In the emerging Internet of things cyber-physical system-embedded society, big data analytics needs huge computing capability with better energy efficiency. Coming to the end of Moore's law of the electronic integrated circuit and facing the throughput limitation in parallel processing governed by Amdahl's law, there is a strong motivation behind exploring a novel frontier of data processing in post-Moore era. Optical fiber transmissions have been making a remarkable advance over the last three decades. A record aggregated transmission capacity of the wavelength division multiplexing system per a single-mode fiber has reached 115 Tbit/s over 240 km. It is time to turn our attention to data processing by photons from the data transport by photons. A photonic accelerator (PAXEL) is a special class of processor placed at the front end of a digital computer, which is optimized to perform a specific function but does so faster with less power consumption than an electronic general-purpose processor. It can process images or time-serial data either in an analog or digital fashion on a real-time basis. Having had maturing manufacturing technology of optoelectronic devices and a diverse array of computing architectures at hand, prototyping PAXEL becomes feasible by leveraging on, e.g., cutting-edge miniature and power-efficient nanostructured silicon photonic devices. In this article, first the bottleneck and the paradigm shift of digital computing are reviewed. Next, we review an array of PAXEL architectures and applications, including artificial neural networks, reservoir computing, pass-gate logic, decision making, and compressed sensing. We assess the potential advantages and challenges for each of these PAXEL approaches to highlight the scope for future work toward practical implementation.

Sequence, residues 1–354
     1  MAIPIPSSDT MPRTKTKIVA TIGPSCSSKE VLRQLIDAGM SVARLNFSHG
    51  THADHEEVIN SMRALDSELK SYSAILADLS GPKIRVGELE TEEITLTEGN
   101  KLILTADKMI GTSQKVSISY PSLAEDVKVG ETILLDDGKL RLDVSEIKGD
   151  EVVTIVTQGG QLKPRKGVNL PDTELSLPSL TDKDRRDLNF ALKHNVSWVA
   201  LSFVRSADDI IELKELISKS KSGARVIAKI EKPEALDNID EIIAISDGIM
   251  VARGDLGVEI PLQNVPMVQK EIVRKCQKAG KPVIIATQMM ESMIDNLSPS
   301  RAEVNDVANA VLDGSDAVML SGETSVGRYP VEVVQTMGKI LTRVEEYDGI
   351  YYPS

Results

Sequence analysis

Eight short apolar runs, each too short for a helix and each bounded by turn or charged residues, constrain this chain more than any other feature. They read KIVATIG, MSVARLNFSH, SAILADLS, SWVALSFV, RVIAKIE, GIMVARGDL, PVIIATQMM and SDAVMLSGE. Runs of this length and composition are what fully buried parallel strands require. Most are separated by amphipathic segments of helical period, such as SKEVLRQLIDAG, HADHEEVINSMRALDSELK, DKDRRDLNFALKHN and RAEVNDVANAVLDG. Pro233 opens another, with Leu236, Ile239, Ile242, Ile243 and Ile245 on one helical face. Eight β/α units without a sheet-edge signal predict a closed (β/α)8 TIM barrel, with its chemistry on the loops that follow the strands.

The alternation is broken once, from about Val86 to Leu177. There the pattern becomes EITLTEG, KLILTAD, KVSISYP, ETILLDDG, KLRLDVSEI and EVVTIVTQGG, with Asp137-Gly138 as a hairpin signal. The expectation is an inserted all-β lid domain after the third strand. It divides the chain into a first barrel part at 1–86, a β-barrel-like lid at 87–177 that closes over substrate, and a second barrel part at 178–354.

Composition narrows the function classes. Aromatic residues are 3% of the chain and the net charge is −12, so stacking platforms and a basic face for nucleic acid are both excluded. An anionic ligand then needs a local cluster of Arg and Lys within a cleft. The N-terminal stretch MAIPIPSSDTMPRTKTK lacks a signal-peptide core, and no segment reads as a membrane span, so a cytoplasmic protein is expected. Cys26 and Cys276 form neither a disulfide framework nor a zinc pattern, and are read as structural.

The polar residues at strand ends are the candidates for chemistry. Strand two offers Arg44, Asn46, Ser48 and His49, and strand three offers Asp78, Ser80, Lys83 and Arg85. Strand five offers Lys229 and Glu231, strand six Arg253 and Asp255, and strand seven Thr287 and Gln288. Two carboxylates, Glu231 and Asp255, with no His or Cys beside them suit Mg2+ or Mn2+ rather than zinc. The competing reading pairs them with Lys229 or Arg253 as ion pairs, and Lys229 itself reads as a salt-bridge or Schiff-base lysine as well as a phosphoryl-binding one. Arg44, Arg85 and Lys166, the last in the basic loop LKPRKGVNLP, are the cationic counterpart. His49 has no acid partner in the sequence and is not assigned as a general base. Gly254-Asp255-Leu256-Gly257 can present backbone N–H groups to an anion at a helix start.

All Science Journal Classification (ASJC) codes
- Atomic and Molecular Physics, and Optics
- Computer Networks and Communications